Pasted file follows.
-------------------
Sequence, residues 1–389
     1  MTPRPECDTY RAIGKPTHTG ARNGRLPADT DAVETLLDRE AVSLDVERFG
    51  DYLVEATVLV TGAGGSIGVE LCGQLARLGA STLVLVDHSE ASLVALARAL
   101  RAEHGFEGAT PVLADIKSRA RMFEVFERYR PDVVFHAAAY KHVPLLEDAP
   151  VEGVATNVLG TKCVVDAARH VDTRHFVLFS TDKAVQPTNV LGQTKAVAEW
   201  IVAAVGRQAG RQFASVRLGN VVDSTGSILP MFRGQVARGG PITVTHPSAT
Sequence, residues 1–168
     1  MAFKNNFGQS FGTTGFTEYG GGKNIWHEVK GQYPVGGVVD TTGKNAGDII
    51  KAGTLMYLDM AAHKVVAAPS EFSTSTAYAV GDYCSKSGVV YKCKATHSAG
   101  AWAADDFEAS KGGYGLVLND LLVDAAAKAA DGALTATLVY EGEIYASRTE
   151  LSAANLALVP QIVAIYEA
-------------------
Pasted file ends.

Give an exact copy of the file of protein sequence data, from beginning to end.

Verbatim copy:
Sequence, residues 1–389
     1  MTPRPECDTY RAIGKPTHTG ARNGRLPADT DAVETLLDRE AVSLDVERFG
    51  DYLVEATVLV TGAGGSIGVE LCGQLARLGA STLVLVDHSE ASLVALARAL
   101  RAEHGFEGAT PVLADIKSRA RMFEVFERYR PDVVFHAAAY KHVPLLEDAP
   151  VEGVATNVLG TKCVVDAARH VDTRHFVLFS TDKAVQPTNV LGQTKAVAEW
   201  IVAAVGRQAG RQFASVRLGN VVDSTGSILP MFRGQVARGG PITVTHPSAT
Sequence, residues 1–168
     1  MAFKNNFGQS FGTTGFTEYG GGKNIWHEVK GQYPVGGVVD TTGKNAGDII
    51  KAGTLMYLDM AAHKVVAAPS EFSTSTAYAV GDYCSKSGVV YKCKATHSAG
   101  AWAADDFEAS KGGYGLVLND LLVDAAAKAA DGALTATLVY EGEIYASRTE
   151  LSAANLALVP QIVAIYEA